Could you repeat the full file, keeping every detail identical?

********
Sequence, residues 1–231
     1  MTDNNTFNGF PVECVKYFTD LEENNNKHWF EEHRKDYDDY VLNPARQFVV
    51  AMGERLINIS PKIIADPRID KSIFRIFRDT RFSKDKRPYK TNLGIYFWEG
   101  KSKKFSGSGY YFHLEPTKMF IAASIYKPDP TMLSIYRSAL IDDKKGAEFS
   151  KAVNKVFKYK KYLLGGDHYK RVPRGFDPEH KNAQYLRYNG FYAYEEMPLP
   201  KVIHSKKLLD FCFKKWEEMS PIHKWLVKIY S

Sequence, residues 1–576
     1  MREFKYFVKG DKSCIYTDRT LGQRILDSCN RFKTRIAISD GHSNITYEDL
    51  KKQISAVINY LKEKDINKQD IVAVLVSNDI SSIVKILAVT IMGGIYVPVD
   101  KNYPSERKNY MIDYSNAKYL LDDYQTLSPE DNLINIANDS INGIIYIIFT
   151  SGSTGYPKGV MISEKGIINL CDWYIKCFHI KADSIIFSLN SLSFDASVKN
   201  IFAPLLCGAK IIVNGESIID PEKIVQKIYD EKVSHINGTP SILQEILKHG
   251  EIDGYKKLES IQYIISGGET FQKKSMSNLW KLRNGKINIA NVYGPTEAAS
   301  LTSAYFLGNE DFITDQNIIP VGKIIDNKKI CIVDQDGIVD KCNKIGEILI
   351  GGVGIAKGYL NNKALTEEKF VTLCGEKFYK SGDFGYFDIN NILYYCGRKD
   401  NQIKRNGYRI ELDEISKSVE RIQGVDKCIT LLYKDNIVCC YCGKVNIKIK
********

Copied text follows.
Sequence, residues 1–231
     1  MTDNNTFNGF PVECVKYFTD LEENNNKHWF EEHRKDYDDY VLNPARQFVV
    51  AMGERLINIS PKIIADPRID KSIFRIFRDT RFSKDKRPYK TNLGIYFWEG
   101  KSKKFSGSGY YFHLEPTKMF IAASIYKPDP TMLSIYRSAL IDDKKGAEFS
   151  KAVNKVFKYK KYLLGGDHYK RVPRGFDPEH KNAQYLRYNG FYAYEEMPLP
   201  KVIHSKKLLD FCFKKWEEMS PIHKWLVKIY S

Sequence, residues 1–576
     1  MREFKYFVKG DKSCIYTDRT LGQRILDSCN RFKTRIAISD GHSNITYEDL
    51  KKQISAVINY LKEKDINKQD IVAVLVSNDI SSIVKILAVT IMGGIYVPVD
   101  KNYPSERKNY MIDYSNAKYL LDDYQTLSPE DNLINIANDS INGIIYIIFT
   151  SGSTGYPKGV MISEKGIINL CDWYIKCFHI KADSIIFSLN SLSFDASVKN
   201  IFAPLLCGAK IIVNGESIID PEKIVQKIYD EKVSHINGTP SILQEILKHG
   251  EIDGYKKLES IQYIISGGET FQKKSMSNLW KLRNGKINIA NVYGPTEAAS
   301  LTSAYFLGNE DFITDQNIIP VGKIIDNKKI CIVDQDGIVD KCNKIGEILI
   351  GGVGIAKGYL NNKALTEEKF VTLCGEKFYK SGDFGYFDIN NILYYCGRKD
   401  NQIKRNGYRI ELDEISKSVE RIQGVDKCIT LLYKDNIVCC YCGKVNIKIK